My SublimeText2 workflow

The editor is perhaps the most important part of the developers toolchain. As such, it is a field of tremendous amounts of contention. One of the most legendary flamewars of all time, the constant vim-vs-emacs debate, is an example of this.

Many people have been looking to SublimeText2 as their editor of choice, and I am no exception. I've been using it for over a year and a half now, and offer these tips to anyone looking to switch editors, or just improve their knowledge of ST2.


One of the best parts of SublimeText2 is how configurable it is. You can shape it into whatever editor you want, instead of having to comply to predefined conventions, like most IDEs force you into.

I recommend reading through both the Default and User configuration files. The default config is very well documented, and should give you an idea about configuring your editor. But don't edit the default file. If you want to change a setting, copy its key-value pair over to your user config. This way, even if ST2 updates and changes a default, your settings will persist.

My user settings file is as follows:

  "auto_complete_commit_on_tab": true,
  "bold_folder_labels": true,
  "caret_style": "smooth",
  "color_scheme": "Packages/TextMate-Tomorrow-Theme/Tomorrow-Night.tmTheme",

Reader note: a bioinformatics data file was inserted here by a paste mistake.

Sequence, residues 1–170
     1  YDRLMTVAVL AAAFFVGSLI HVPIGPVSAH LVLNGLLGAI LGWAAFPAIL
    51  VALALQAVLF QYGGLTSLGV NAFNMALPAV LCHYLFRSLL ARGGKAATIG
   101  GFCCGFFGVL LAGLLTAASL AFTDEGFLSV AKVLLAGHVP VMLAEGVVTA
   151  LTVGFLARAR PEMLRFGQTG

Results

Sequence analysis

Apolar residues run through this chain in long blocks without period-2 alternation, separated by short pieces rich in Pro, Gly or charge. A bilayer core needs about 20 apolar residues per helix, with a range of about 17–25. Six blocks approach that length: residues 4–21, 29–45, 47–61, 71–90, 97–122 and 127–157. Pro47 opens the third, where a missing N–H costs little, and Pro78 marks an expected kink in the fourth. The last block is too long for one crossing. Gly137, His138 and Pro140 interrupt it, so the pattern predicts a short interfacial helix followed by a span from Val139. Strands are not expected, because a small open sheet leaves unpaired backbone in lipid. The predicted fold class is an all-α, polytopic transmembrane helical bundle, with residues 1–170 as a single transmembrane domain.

"detect_slow_plugins": false,
  "ensure_newline_at_eof_on_save": true,
  "fallback_encoding": "UTF-8",
  "font_face": "Menlo",
  "font_size": 12.0,
  "highlight_line": true,
  "save_on_focus_lost": true,
  "tab_size": 2,
  "theme": "Soda Dark.sublime-theme",
  "translate_tabs_to_spaces": true,
  "trim_trailing_white_space_on_save": true,
  "use_simple_full_screen": true,
  "word_separators": "./\\()\"'-:,.;<>~!@#$%^&*|+=[]{}`~?_"

Each setting is as follows:

  • auto_complete_commit_on_tab: This setting sets sublimetext2's excellent autocomplete to trigger on tab. This lets you tap tab twice to select the default completion, and removes ambiguity about what the enter key will do.
  • bold_folder_labels: Fairly straightforward. This makes folder labels in the sidebar bold. While not as good as the folder icons in some other editors (TextMate2), this is a nice minimalist way to see the differences between files and folders.